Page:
Monthly Archives: March 2013


First of all, a baby picture:

Cormac 8 weeks

Cormac is almost two months now and is doing well. He’s even letting me get some sleep now and then. Good boy!

He’s also left me with a surprising amount of time to read, or perhaps I have that time because I haven’t yet gone back to work. That happens next week. So far this year I’ve read 30 books, which is a lot for me. A good number of them I read before Cormac was born, but I’ve been reading steadily ever since. I read while he eats, or while Hobgoblin is watching him, or while he hangs out in the swing, and now and then I read while he naps, although he doesn’t nap much, or at least not regularly. I don’t think my reading has changed much since Cormac was born. Perhaps I’ve read a few more mysteries and lighter, easier reads than usual, but not a significantly larger number. The main reason for this, I think, is that while I’m tired a lot of the time, I’m not as exhausted as I thought I would be, and I’m getting more sleep most nights than I thought I would. Hobgoblin is to thank for this: he does a lot of the work and lets me sleep in many mornings. I haven’t slept straight through the night since the night before Cormac was born, but that doesn’t matter so much when the total number of hours I sleep is high enough.

I can’t write, even briefly, about every book I’ve read, so I won’t try. But here are some highlights:

  • Sven Birkerts’s The Art of Time in Memoir. This is a great study of structure in memoir, how the events of a life are organized into a meaningful, coherent narrative. It struck me as a good introduction to the genre, with in-depth discussions of many examples, but also a good book to read for anyone who is considering writing a memoir.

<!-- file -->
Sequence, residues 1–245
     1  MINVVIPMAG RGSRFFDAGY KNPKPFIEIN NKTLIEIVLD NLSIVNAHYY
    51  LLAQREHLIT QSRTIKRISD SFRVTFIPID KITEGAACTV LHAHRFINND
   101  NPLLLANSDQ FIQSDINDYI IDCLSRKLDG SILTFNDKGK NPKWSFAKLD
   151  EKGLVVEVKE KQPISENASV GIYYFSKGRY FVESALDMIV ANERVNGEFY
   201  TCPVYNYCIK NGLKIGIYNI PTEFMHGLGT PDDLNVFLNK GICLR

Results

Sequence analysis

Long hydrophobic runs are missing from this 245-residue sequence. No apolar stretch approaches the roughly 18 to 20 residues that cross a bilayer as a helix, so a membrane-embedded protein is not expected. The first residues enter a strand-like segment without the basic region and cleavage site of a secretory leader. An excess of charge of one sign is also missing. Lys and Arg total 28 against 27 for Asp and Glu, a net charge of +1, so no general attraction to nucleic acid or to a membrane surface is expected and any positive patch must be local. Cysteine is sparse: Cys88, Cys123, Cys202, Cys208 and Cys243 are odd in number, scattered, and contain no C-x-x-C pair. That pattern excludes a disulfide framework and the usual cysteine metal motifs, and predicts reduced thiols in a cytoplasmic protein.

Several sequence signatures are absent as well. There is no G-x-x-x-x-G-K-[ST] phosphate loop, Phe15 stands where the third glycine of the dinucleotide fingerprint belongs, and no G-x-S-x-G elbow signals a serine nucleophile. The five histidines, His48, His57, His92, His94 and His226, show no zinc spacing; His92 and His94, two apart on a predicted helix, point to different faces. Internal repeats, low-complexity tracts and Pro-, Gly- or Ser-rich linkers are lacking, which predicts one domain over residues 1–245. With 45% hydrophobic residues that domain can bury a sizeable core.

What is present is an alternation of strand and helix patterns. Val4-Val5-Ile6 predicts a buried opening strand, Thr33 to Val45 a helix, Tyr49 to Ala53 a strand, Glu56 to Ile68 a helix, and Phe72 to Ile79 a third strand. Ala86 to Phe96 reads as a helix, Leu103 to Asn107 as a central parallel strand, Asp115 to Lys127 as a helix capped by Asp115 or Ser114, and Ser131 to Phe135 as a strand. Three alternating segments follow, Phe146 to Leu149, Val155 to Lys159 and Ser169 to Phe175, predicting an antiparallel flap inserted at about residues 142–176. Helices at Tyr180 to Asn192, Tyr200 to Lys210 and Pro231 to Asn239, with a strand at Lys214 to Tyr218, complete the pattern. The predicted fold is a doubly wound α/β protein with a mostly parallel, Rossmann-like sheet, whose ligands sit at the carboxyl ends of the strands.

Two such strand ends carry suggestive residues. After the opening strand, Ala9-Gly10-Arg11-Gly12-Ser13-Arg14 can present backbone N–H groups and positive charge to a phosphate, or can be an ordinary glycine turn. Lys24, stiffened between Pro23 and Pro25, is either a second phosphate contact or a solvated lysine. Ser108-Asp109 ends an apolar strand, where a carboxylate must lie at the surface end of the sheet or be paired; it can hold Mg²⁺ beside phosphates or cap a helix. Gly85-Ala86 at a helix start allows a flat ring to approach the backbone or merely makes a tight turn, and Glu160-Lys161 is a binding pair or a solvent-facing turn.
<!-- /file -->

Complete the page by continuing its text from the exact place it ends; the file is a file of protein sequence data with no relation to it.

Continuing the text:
• Justin Torres’s We the Animals. This short novel/novella describes scenes and stories from the life of a family, told from the perspective of one of three young boys. It’s beautifully written and the voice/perspective is done extremely well. I loved it.
  • Maria Semple’s Where’d You Go, Bernadette. This is a hugely entertaining comic novel. The story is told largely through emails, letters, and other types of documents, which adds to the fun. It’s about an eccentric family in Seattle. The main characters are very well-drawn and the social satire is amusing.
  • Mark Doty’s Heaven’s Coast. I read this memoir after reading and loving his later book Dog Years. Heaven’s Coast tells the story of the death of Doty’s lover from AIDS. It’s a very moving, beautiful book. I think Dog Years is better, though; it’s shorter, sharper, and more focused. But still, I find Doty’s voice and authorial presence in both books warm and wise.
  • Meghan Daum’s My Misspent Youth. This is an essay collection from the 1990s; many of the essays are about money, class, New York City, and finding one’s identity and place in the literary world. The title essay is great in its blunt discussion of money, giving numbers in a way that most people avoid. Daum’s writing is light and humorous and at the same time perceptive.
  • Nick Hornby’s Housekeeping Versus the Dirt. These essays are addictive. I don’t share Hornby’s taste in reading material very often, and I sometimes disagree with his ideas about what’s valuable in literature, but he’s such a fun writer about books that I read him with great enjoyment anyway.
  • Mohsin Hamid’s How to Get Filthy Rich in Rising Asia. I got this book through the LibraryThing Early Reviewers program, and here’s the review I wrote for them: “I very much enjoyed this book; it’s a good story with interesting characters, and a light style that’s entertaining and readable. It’s sort of a parody of self-help books, and that conceit works well. The author follows the life of his main character pretending that it’s an illustration of how to become rich. But this is really a way to tell what is a traditional story of a man’s life. The self-help element is used partly to consider what a “self” really is and also as a way to say something about the state of Asia today. I can’t say it goes very deeply into these topics, but it handles them with a enjoyably light touch.”

There are more books I’ve read, more good ones too, but for now it’s time to return to reading.


Filed under Books